HHS distributes PAF funding on a competitive basis to address the vulnerabilities of the expectant and parenting populations and their children. The 50 states, DC, territories, and tribal entities may apply for PAF funding (hereinafter, "state grantees").19 State grantees must specify how they intend to use the funds and identify the lead agency to administer such funds.20 In the most recent cohort of grantees, the state public health department was the most frequently designated lead agency. State departments of education or human services and other entities also served as lead agencies.21

State grantees determine how to use their PAF funding to serve the expectant and parenting population and their children within four purpose areas:

  • providing subgrants to high schools and community service centers,
  • providing subgrants to institutions of higher education (IHEs),
  • partnering with offices of state attorneys general, and
  • supporting public awareness activities, as provided either by state grantees directly or by their subgrantees and partners.

Figure 1 shows how PAF funding flows from the federal government to state grantees, and then on to subgrantees that directly support participants. It also includes examples of the types of supports that have been provided with PAF funding. In general, these supports can be grouped as education, social services, health, or public awareness activities.

Figure 1.Flow of PAF Funding and Examples of Supports Provided

Source: Prepared by CRS. Examples drawn from Ann E. Person et al., The Pregnancy Assistance Fund: Launching Programs to Support Expectant and Parenting Youth, Mathematica Policy Research; and HHS, OASH, OAH, The Pregnancy Assistance Fund (PAF): Fiscal Year 2016, April 2017.

Note: In general, the grant announcements for the program have specified that state grantees may allocate all of their funding to any one of the first three purpose areas or any combination of the four purpose areas; however, funds may not be used solely for public awareness activities. See, HHS, OASH, OAH, Announcement of Anticipated Availability of Funds for Support for Expectant and Parenting Teens, Women, Fathers, and Their Families, p. 10.

Each purpose area specifies certain activities. The activities are generally the same for the high schools/community service centers and IHEs, and therefore are grouped together in the subsequent discussion. (Figure A-1 summarizes the four purpose areas, the populations they target, and the activities supported in each of the categories.)

Activities Provided via High Schools, Community Service Centers, and IHEs

State grantees provide subgrants to high schools, community service centers, and IHEs for these institutions to establish, maintain, or operate services for pregnant and parenting teens/students and their children. The law defines (1) "high school" as public and private schools that operate grades 7 through 12, 9 through 12, or 10 through 12; (2) "community service centers" as nonprofit organizations that provide social services to residents of a specific geographic area via direct service or by a contract with a local governmental agency; and (3) an "eligible institution of higher education" as a vocational school or public or nonprofit private college or university. Such institution of higher education must establish and operate, or agree to establish and operate (if it receives PAF funding), an office for pregnant and parenting students.22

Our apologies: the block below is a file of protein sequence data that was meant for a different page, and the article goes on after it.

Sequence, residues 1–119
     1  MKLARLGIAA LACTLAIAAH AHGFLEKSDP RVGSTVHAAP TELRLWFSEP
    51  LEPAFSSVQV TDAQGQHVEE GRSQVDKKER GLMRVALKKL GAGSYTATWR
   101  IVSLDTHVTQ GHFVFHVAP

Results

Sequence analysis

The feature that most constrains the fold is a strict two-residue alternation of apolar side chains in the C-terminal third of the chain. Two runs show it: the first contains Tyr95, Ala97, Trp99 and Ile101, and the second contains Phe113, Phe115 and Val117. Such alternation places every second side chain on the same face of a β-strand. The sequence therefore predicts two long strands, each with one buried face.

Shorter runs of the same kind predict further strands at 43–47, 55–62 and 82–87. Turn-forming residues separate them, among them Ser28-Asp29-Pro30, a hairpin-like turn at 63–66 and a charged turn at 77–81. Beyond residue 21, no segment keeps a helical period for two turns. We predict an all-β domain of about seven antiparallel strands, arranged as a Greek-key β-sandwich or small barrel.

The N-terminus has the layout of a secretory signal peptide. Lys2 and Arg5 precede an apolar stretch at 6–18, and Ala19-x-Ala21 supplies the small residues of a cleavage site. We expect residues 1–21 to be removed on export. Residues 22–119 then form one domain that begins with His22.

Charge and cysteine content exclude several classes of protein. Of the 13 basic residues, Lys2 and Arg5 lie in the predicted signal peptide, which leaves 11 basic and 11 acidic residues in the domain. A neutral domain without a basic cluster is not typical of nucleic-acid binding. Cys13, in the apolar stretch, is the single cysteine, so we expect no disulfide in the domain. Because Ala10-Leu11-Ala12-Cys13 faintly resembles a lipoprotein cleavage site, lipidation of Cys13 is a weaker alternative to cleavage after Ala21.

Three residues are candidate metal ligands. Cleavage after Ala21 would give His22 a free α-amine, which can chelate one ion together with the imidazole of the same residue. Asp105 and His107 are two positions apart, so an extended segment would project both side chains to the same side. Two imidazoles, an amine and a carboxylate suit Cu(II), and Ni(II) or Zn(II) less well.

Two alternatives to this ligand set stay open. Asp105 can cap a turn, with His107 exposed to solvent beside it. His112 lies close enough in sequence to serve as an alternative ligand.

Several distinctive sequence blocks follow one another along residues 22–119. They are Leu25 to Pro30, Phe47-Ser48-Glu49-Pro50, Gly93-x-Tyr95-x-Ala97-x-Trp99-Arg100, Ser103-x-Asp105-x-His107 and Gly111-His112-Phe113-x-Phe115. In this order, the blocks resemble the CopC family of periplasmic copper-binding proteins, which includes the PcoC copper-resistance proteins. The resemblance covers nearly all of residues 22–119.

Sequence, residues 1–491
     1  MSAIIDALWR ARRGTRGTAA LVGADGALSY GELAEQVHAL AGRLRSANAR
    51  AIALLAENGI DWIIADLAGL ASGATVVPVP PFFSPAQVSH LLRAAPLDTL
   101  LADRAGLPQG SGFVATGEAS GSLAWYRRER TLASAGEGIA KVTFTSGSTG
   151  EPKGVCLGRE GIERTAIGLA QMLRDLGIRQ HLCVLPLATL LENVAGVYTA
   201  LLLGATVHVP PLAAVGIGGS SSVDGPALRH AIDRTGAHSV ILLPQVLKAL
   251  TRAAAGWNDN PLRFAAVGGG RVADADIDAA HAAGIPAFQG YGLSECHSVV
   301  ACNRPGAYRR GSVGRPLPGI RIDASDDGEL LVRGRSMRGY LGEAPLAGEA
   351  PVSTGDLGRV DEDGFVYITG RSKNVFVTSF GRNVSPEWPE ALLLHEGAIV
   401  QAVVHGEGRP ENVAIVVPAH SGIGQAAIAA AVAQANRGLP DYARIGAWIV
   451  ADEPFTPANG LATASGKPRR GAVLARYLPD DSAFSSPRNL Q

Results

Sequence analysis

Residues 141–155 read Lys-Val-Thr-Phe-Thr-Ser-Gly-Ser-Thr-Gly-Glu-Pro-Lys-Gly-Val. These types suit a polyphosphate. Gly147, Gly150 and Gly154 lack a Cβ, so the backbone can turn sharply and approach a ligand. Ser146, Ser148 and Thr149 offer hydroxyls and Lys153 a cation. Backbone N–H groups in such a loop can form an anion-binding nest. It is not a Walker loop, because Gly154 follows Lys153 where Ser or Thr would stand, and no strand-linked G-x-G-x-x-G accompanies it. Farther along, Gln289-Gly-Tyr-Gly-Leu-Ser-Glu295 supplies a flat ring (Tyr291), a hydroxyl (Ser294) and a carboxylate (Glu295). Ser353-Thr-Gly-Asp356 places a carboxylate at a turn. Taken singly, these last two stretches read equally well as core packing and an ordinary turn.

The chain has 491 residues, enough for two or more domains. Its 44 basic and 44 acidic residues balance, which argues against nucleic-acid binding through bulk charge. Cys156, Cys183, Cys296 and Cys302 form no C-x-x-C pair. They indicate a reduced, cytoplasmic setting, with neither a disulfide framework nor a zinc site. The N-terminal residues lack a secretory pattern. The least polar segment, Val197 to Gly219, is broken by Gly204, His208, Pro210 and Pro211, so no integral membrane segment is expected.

The law specifies that subgrantees can carry out selected activities on campus and in the local community. Such activities include conducting a needs assessment to assess pregnancy and parenting resources on the campus and within the community, and setting goals for improving such resources and access to them. Other activities include annually assessing the performance of the subgrantee in meeting needs such as the inclusion of maternity coverage and availability of riders for additional family members in student health coverage, child care, flexible or alternative academic scheduling, parenting education, and basic provisions such as maternity and baby clothing and baby food. Further, subgrantees may use the funds to identify service providers on a high school or IHE campus or within the local community to help meet these needs; assist pregnant and parenting students, fathers, or spouses in locating and obtaining services to meet needs; and, if appropriate, provide referrals to service providers for prenatal care and delivery, infant or foster care, or adoption.23

IHEs must provide a 25% match of their grant awards with funds or nonmonetary support, such as services and facilities.24 This match is not required for high schools or community service centers.

Activities on Behalf of Victimized Women Who Are Pregnant or Parenting

State grantees partner with offices of state attorneys general to provide specified activities—intervention services, accompaniment services, and supportive social services—targeted to individuals of any age who are pregnant or have been pregnant in the past year and are of victims of domestic violence, sexual violence, sexual assault, or stalking. The term "intervention services" means 24-hour telephone hotline services for police protection and referral to shelters. The term "accompaniment services" means assisting, representing, and accompanying a woman in seeking judicial relief for child support, child custody, restraining orders, and restitution for harm to persons and property; and help with filing criminal charges. It may include the payment of court costs and reasonable attorney and witness fees that are associated with the charges. The term "supportive social services" means transitional and permanent housing, vocational counseling, and individual and group counseling aimed at preventing domestic violence, sexual violence, sexual assault, or stalking.25